Euro US Dollar Exchange Rate Slumps as US Dollar Climbs
The Euro US Dollar (EUR/USD) exchange rate has traded within a narrow range today as it rests around its lowest point since July 2020.
This comes after the US returned higher than forecast inflation figures of 6.2% which caused USD to strengthen significantly.
As of time of writing the EUR/USD exchange rate sits at around $1.1469.
Euro (EUR) Steady as EU Predicts Higher Growth
The Euro (EUR) has traded within a narrow range today as the European Union revised its growth forecasts for 2021 for the third time, prompting fresh movement in the currency.
GDP in the Eurozone is now forecast to grow by 5% this year. The forecast has steadily risen throughout the year, 4.3% in May and 4.8% in July, as the trading bloc continues to rebound quicker than expected from the COVID-19 pandemic.
The news comes despite ongoing supply issues and the steady rise of energy prices worldwide, with credit largely given to the zone’s COVID-19 vaccination effors.
Valdis Dombrovskis, European Commission (EC) vice-president had the following to say on the positive forecast:
‘The European economy is bouncing back strongly from the recession, with a projected growth rate of 5% this year. Our measures to cushion the blow of the pandemic and to ramp up vaccinations across the EU have clearly contributed to this success. But this is no time for complacency: we continue to face uncertainty with this virus and there are some risks to contend with.
Not least, we need to address bottlenecks in supply chains, as well as surging energy prices which will affect many households and companies across Europe. We also need to closely monitor inflation and adjust our policies if needed. To stay on track, we must now focus on rolling out investments and reforms planned under the Recovery and Resilience Facility to boost our economic potential.’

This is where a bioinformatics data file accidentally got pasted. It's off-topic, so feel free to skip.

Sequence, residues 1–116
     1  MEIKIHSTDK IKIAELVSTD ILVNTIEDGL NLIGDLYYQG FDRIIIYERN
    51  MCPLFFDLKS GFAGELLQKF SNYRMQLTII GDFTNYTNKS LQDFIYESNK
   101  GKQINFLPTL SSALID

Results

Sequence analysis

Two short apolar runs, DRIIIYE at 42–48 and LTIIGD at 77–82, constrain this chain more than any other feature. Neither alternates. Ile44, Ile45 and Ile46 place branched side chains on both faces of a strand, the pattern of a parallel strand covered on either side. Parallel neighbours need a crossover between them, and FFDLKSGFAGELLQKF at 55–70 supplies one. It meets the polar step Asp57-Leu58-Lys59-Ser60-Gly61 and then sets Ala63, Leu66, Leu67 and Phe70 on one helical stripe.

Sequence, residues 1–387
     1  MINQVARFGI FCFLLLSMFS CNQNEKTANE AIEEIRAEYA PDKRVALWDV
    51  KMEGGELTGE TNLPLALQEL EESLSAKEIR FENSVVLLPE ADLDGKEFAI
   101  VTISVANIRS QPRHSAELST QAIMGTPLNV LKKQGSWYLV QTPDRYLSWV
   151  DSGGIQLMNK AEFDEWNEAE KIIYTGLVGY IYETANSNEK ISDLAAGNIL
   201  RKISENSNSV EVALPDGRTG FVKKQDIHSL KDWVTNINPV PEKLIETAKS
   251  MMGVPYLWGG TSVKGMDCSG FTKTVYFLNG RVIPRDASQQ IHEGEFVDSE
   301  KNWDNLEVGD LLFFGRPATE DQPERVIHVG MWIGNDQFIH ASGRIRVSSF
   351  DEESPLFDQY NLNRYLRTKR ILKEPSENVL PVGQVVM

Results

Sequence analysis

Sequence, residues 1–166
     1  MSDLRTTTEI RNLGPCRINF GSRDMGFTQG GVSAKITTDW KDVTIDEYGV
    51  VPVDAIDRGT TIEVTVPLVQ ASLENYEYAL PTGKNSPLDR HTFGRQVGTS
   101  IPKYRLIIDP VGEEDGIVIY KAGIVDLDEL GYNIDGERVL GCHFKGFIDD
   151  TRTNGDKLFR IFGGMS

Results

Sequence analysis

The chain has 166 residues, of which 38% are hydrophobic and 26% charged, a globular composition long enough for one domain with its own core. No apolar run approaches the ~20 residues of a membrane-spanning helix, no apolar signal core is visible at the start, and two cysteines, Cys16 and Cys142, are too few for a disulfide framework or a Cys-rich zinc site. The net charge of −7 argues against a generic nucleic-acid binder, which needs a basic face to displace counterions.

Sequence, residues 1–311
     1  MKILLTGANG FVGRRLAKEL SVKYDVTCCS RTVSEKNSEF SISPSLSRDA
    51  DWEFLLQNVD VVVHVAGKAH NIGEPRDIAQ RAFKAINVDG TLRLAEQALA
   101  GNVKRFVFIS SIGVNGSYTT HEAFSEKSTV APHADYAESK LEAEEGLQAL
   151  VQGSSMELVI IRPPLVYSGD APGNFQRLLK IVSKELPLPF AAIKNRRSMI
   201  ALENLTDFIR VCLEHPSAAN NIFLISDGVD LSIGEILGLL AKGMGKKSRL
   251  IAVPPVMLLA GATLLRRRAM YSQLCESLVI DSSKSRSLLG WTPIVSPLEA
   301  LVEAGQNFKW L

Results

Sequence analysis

US Dollar (USD) Rises as Inflation Rockets
The US Dollar (USD) has continued to climb amid high inflation, as investors make speculative bets on an early rate rise by the Federal Reserve.
Figures released yesterday show that inflation in the US jumped well above forecasts last month from 5.8% to 6.2%. A 30% rise in energy costs since last year, ongoing supply shortages, and increased consumer demand are all thought to have contributed to the highest rate of inflation since November 1990.
The ballooning rate has intensified pressure placed on the Federal Reserve within recent weeks to hike interest rates ahead of schedule. The central bank’s current position is that many of the inflationary pressures, such as supply chain and labour issues, are ‘transitionary’.
The Fed has also previously stated that it is reluctant to raise rates in any way until they have a clearer picture of the job marker post-pandemic. This reflects a similar stance taken by the Bank of England (BoE) last week who also neglected to raise rates, citing a lack of labour data after the end of the UK government’s furlough scheme.
Rick Rieder, chief investment officer for global fixed income at investment company Blackrock, remain sceptical over this ‘jobs-first’ approach:
‘The risks stemming from inflation have become increasingly top of mind to Federal Reserve policymakers, since excessive accommodation for too long, or essentially running the economy hot, could well hold unintended market consequences that further erode confidence and eventually impair the recovery.’
EUR/USD Exchange Rate Forecast: Eurozone Manufacturing to Fall as US Confidence Drops
Looking ahead to tomorrow, the Eurozone is forecast to show a fall in manufacturing capacity which may prompt further movement in the Euro.
Ongoing talks between French President Emmanuel Macron and UK Prime Minister Boris Johnson regarding fishing rights may also influence market confidence of EUR.
Significant data from the US markets comes in the form of consumer confidence for November. Forecasts are for confidence to rise slightly, as gains made by wage growth and falling COVID-19 cases are offset by higher inflation and a lack of confidence in US economic policy. This could cause further movement in USD, particularly if the printed figures differ drastically.